Ankles and Elbows



When you watch football, you’re unfortunately accustomed to seeing players wheeled off the field on a stretcher. When you watch hockey, you cringe regardless of how many times a player is slammed against the side of the rink. When you watch wrestling, well, you’re just asking for more frown lines.

But when you watch a graceful ballerina perform, you seldom worry about snapping sounds or seeing blood. And when you watch a gymnast, you don’t dread anything sticking out, except an amazing aerial dismount.

That’s why Lisa Grosdidier of Overland Park was surprised when she got a call from the gymnastics studio in December.

Dr. Donna Pacicca with her patient Macy Grosdidier.

“My older daughter called and said ‘Macy’s bone is sticking out’,” says Lisa, whose youngest daughter, Macy, began taking gymnastics when she was 4 years old. “I kind of panicked, but I knew that the coach was there.”

Macy says panic was also her first reaction after getting her foot caught in a mat and falling on her left arm during a conditioning exercise.

“I freaked out,” says Macy, who is now 9 years old and competes on a gymnastics team. “I didn’t know what was happening, and I thought it was broken.”

Lisa and Macy were referred to the Center for Sports Medicine at Children’s Mercy Hospital by other parents and coaches. With Lisa literally holding Macy’s arm together and Macy holding back tears, the twosome went straight to Children’s Mercy Hospital for a diagnosis.

Macy had a dislocated elbow and underwent a reduction to put the bones back in place. She immediately got a cast that was broken for swelling and made an appointment to meet with Donna Pacicca, MD, a board-certified orthopaedic surgeon at the Center for Sports Medicine at Children’s Mercy Hospital, later that week.

“We heard that Dr. Pacicca enjoyed elbows and gymnastics before we even met her,” says Lisa. “When we met her, you could immediately tell that she loves her job of fixing kids and making them better.”

Macy agrees and says that Dr. Pacicca put her at ease when discussing the dislocation by talking to her in ways that she could understand.

“She asked me questions like ‘what is my favorite subject in school?’ and talked to me about gymnastics,” says Macy, who was especially happy to hear that Dr. Pacicca was a former gymnast.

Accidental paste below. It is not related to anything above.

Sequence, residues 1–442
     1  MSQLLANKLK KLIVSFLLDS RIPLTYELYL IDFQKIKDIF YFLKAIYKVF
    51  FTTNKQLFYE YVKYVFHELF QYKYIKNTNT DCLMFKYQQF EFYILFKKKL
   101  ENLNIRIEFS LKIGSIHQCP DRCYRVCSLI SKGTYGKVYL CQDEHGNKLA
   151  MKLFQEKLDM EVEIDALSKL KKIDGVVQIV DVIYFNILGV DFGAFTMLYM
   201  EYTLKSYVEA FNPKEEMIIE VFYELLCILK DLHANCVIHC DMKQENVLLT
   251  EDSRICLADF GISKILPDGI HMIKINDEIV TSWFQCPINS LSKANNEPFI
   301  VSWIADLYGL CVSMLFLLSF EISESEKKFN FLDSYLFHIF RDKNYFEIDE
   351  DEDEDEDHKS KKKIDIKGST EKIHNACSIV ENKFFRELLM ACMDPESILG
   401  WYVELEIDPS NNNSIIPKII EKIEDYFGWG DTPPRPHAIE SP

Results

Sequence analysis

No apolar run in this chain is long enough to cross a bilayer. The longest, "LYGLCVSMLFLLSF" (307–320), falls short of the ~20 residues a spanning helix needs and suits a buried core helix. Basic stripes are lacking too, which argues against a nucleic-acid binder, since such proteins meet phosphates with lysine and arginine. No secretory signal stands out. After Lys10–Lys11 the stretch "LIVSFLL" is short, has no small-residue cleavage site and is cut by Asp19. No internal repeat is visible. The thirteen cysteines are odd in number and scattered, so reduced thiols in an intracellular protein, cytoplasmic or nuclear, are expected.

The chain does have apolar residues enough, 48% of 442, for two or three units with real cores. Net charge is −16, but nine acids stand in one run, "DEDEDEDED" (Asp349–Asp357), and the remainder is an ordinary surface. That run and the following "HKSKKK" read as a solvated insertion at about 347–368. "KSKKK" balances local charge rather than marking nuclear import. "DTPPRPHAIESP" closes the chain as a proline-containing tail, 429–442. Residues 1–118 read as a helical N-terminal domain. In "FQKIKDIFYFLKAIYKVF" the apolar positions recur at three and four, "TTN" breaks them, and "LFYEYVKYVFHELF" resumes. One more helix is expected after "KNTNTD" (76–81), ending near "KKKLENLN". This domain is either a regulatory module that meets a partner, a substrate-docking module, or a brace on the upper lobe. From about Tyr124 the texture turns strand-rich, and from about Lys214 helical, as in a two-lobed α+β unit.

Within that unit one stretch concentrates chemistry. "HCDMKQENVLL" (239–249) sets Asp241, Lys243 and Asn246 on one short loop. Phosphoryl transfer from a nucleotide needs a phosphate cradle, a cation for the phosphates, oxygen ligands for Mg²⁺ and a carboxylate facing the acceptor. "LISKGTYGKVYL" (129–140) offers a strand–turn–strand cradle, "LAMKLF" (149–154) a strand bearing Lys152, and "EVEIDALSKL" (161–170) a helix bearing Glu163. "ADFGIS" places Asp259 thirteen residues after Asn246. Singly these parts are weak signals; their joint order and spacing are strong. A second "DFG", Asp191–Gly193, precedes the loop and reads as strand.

“We try not to just focus on the injured part of the body,” says Pacicca. “We take a detailed history of the patient and address the whole issue.”

Macy was thrilled that Pacicca didn’t warn her to stay away from her passion. She simply offered great advice that Macy is already sharing with her teammates.

“The reason why this happened is that the ligament snapped instead of my muscles bracing the fall,” says Macy, who hopes to be back at 100 percent this summer. “Building up my strength is the most important thing that I can do.”

Lisa is more than pleased with Pacicca, the Center for Sports Medicine at Children’s Mercy Hospital, Macy’s newly acquired knowledge and her daughter’s well-educated return to the sport.

“Gymnastics started out just as a good activity and a way to teach coordination,” says Lisa, who admittedly didn’t know too much about the sport before her girls showed interest. “It’s a risky sport and riskier than others, but I know she’s in good hands.”

Pacicca enjoys her work with children who dance and practice gymnastics. However, she believes that adolescent dancers and gymnasts are getting hurt as much or more as their counterparts who compete in high-impact sports.

“These kids seem to hide their injuries more than basketball and football players,” says Pacicca. “They’re losing roles and spots on teams.”

Pacicca suggests that some dance teachers and coaches are to blame for recognizing early talent and pushing children too hard.

“If you have young kids, you should keep it fun and safe,” recommends Pacicca. “Keep it to a couple of hours a week instead of 15 to 20.”

Pacicca sees patients suffering from gymnastics injuries such as fractures and dislocations between the ages of 10 and 14. She treats mostly high-school age students who have been injured by dance. She says that many of the injuries could have been prevented with proper parental oversight and early education.

“The key thing is for parents to know what their kids are doing,” advises Pacicca.

For more information about the Center for Sports Medicine at Children’s Mercy Hospital, call (816) 701-HURT (4878) or visit childrensmercy.org.